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    interesting Weber Copper Top issue

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    MontanaWay

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    interesting Weber Copper Top issue

    Post by MontanaWay on Mon Oct 20, 2014 6:06 pm

    one of the amps I built failed and was sent back to me.
    Turns out, the Weber Copper Top rectifier, one of the wires going into one of the tube base pins was loose. Looking at it closely, the original solder joint looked dry, so I guess over time and heat, it let go.
    When my client described the problem, I knew then that the amp had lost B+.
    It could have been a simple rectifier replacement, but there was another possibility that could have caused the loss of B+, so we decided it was best to send the unit back to me.
    The important thing is that the fault was found and it is up and running again.
    So just a general heads up on the Weber Copper Top. I also noticed that it is in fact using 1N4007's and a beefed up thermistor, so Weber must have 'upgraded' the components after some failures of those components.

    sKiZo

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    Re: interesting Weber Copper Top issue

    Post by sKiZo on Mon Oct 20, 2014 6:33 pm

    Copper Top? Didna know these suckers ran on batteries!  clown



    Which copper cap? What amp?

    Reason I ask is it's common to just go with the WZ68 instead of WZ34 that's recommended as a 5AR4 replacement ... that's what I went with. Same price and double the current capabilities, so seemed a no brainer. Also seemed especially good driving a quad of KT120's.

    Thanx for the reminder though. Was just planning a listening session and have been meaning to drag the copper cap out of storage. Relegated that to backup duty when I found a sweet little Mullard GZ37 ...

    MontanaWay

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    Re: interesting Weber Copper Top issue

    Post by MontanaWay on Mon Oct 20, 2014 6:46 pm

    Oh yeah....WZ68, amp is a ST120 running KT120's, not that it makes much of a difference as to which amp

    Dogstar

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    Re: interesting Weber Copper Top issue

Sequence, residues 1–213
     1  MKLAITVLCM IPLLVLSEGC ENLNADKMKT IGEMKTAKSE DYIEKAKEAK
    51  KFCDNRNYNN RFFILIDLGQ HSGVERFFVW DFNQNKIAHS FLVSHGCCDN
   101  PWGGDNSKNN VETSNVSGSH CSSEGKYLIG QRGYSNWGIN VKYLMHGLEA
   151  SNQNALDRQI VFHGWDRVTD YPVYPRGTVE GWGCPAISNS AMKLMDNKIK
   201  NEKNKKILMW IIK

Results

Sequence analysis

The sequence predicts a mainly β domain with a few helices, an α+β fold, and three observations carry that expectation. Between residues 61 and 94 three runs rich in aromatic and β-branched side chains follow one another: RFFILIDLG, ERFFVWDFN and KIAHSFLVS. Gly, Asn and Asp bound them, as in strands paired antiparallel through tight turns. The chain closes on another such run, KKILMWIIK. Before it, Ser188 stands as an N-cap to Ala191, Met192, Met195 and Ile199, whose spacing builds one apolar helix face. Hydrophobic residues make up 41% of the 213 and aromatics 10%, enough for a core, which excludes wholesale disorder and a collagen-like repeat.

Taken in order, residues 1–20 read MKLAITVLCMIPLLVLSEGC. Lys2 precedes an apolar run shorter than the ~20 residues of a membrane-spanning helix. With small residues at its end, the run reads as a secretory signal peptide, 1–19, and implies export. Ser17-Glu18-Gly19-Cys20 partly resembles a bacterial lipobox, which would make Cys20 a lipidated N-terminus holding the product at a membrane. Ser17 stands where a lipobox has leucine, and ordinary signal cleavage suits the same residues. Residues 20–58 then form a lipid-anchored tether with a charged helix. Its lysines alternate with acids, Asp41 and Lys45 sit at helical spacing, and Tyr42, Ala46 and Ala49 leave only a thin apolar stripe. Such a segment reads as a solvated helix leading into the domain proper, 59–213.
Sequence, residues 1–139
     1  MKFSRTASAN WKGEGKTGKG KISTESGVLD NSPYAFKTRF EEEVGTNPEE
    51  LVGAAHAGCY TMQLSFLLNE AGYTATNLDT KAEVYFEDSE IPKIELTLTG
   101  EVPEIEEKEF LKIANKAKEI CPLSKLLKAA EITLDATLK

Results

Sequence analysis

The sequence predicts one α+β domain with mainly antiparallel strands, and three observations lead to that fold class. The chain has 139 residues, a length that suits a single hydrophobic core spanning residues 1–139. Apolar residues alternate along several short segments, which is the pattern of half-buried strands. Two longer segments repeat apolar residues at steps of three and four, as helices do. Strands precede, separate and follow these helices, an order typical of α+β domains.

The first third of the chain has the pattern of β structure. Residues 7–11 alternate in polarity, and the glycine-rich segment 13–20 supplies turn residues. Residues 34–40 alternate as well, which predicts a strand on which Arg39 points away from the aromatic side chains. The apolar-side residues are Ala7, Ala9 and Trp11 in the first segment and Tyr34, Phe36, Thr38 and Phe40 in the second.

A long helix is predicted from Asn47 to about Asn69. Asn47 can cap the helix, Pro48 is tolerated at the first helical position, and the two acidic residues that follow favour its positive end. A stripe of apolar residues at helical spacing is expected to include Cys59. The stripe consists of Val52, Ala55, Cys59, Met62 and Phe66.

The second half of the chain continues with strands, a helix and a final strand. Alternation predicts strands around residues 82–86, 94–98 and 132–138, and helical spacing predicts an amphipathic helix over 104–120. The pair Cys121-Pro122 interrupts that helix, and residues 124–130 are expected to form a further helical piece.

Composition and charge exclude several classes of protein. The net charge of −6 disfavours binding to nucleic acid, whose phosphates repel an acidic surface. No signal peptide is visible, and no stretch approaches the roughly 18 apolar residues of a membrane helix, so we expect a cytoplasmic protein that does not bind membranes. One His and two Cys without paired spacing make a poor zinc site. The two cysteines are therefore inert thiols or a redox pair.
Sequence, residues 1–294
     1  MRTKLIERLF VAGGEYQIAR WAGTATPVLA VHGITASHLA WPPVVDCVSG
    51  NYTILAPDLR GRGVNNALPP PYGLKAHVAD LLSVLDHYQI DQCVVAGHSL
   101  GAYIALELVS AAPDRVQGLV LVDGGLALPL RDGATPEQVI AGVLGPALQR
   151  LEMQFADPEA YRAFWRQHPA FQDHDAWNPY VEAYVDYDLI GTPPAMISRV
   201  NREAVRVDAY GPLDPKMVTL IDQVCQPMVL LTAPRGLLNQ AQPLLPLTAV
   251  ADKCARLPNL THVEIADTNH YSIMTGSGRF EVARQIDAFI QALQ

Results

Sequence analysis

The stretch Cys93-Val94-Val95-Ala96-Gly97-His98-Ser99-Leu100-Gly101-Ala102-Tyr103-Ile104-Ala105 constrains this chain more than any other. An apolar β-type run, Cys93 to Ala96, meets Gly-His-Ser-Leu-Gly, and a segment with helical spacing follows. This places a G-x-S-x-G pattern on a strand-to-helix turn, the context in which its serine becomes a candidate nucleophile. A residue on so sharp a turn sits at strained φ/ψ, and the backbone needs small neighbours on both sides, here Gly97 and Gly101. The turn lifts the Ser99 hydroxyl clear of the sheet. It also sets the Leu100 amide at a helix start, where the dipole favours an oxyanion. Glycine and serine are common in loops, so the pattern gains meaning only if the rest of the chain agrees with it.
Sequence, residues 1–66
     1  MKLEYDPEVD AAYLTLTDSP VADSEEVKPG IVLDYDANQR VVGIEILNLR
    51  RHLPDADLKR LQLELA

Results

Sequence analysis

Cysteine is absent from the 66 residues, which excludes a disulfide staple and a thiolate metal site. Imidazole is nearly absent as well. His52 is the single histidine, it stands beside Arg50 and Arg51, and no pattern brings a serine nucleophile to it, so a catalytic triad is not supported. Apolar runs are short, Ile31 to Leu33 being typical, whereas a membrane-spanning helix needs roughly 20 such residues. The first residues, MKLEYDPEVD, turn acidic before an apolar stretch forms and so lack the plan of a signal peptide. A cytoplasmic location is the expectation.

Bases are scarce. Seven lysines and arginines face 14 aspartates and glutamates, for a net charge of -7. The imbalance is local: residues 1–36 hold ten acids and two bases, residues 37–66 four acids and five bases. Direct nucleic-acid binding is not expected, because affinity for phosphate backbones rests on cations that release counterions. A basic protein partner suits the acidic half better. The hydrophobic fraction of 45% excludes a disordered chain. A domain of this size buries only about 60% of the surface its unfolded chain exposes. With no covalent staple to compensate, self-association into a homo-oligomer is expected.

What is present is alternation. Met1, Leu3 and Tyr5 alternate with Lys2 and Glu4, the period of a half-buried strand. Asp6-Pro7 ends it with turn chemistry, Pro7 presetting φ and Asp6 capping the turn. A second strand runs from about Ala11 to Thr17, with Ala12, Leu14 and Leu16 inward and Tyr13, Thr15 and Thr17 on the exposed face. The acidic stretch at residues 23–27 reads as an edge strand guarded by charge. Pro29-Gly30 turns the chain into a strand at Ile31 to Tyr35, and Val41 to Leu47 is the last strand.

Post by Dogstar on Mon Oct 20, 2014 10:30 pm

    Thanks to your suggestions I ordered a Weber for my ST-120.

    mazeeff

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    Re: interesting Weber Copper Top issue

    Post by mazeeff on Tue Oct 21, 2014 5:44 am

    Given, the multiple issues with the weber rectifiers, I question whether it makes since to just use a couple of 1N4007's and thermistor (or inrush current limiter) if needed. I have seen the attention to detail on your amps, and that includes soldering. Why use a device that overheats, and has poor soldering? By mounting the components inside the chassis, you also eliminate the tube socket connection as well, which should improve reliability. I understand that the rectifier tube or the weber looks neat, but why compromise on this critical part of the amps circuit? With your ingenuity, you should be able to figure out how to mount a vertical LED VU meter, on a tube socket, in place of the Weber!

    Mike

    Bob Latino
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    Re: interesting Weber Copper Top issue

    Post by Bob Latino on Tue Oct 21, 2014 9:27 am

    mazeeff wrote:Given, the multiple issues with the weber rectifiers, I question whether it makes since to just use a couple of 1N4007's and thermistor (or inrush current limiter) if needed. I have seen the attention to detail on your amps, and that includes soldering. Why use a device that overheats, and has poor soldering? By mounting the components inside the chassis, you also eliminate the tube socket connection as well, which should improve reliability. I understand that the rectifier tube or the weber looks neat, but why compromise on this critical part of the amps circuit? With your ingenuity, you should be able to figure out how to mount a vertical LED VU meter, on a tube socket, in place of the Weber!

    Mike

    The Weber Copper Caps are very reliable - BUT - no matter how well they make them - one is going to fail now and then. Many times the failure of the Weber is related to an output tube failure that created a dead short. When the Weber trys to send current into partial short or a dead short - it can fail. I have had the same two Weber WZ68's in my VTA M-125 amps for about 3 1/2 years with no issues.